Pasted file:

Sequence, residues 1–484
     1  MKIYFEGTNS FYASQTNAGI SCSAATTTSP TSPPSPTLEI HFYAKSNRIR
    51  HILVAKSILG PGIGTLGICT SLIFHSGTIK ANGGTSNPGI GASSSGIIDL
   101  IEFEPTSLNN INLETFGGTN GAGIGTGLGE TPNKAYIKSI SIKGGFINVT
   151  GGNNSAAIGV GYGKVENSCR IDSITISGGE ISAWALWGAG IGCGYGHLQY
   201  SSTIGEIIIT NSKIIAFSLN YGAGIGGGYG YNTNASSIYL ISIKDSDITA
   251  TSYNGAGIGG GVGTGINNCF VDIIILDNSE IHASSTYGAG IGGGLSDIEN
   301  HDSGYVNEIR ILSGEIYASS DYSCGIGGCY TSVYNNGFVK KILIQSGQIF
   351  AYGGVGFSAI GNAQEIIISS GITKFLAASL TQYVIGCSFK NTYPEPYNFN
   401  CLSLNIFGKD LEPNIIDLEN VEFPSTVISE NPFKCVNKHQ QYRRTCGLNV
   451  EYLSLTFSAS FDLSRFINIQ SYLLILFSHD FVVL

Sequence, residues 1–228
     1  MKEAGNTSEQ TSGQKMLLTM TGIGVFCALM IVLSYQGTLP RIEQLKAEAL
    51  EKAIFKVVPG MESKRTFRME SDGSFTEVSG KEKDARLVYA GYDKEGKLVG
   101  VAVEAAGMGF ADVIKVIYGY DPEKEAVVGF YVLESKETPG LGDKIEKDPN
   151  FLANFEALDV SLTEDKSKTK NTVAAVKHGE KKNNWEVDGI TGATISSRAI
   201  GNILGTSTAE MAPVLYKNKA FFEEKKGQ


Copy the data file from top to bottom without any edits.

Sequence, residues 1–484
     1  MKIYFEGTNS FYASQTNAGI SCSAATTTSP TSPPSPTLEI HFYAKSNRIR
    51  HILVAKSILG PGIGTLGICT SLIFHSGTIK ANGGTSNPGI GASSSGIIDL
   101  IEFEPTSLNN INLETFGGTN GAGIGTGLGE TPNKAYIKSI SIKGGFINVT
   151  GGNNSAAIGV GYGKVENSCR IDSITISGGE ISAWALWGAG IGCGYGHLQY
   201  SSTIGEIIIT NSKIIAFSLN YGAGIGGGYG YNTNASSIYL ISIKDSDITA
   251  TSYNGAGIGG GVGTGINNCF VDIIILDNSE IHASSTYGAG IGGGLSDIEN
   301  HDSGYVNEIR ILSGEIYASS DYSCGIGGCY TSVYNNGFVK KILIQSGQIF
   351  AYGGVGFSAI GNAQEIIISS GITKFLAASL TQYVIGCSFK NTYPEPYNFN
   401  CLSLNIFGKD LEPNIIDLEN VEFPSTVISE NPFKCVNKHQ QYRRTCGLNV
   451  EYLSLTFSAS FDLSRFINIQ SYLLILFSHD FVVL

Sequence, residues 1–228
     1  MKEAGNTSEQ TSGQKMLLTM TGIGVFCALM IVLSYQGTLP RIEQLKAEAL
    51  EKAIFKVVPG MESKRTFRME SDGSFTEVSG KEKDARLVYA GYDKEGKLVG
   101  VAVEAAGMGF ADVIKVIYGY DPEKEAVVGF YVLESKETPG LGDKIEKDPN
   151  FLANFEALDV SLTEDKSKTK NTVAAVKHGE KKNNWEVDGI TGATISSRAI
   201  GNILGTSTAE MAPVLYKNKA FFEEKKGQ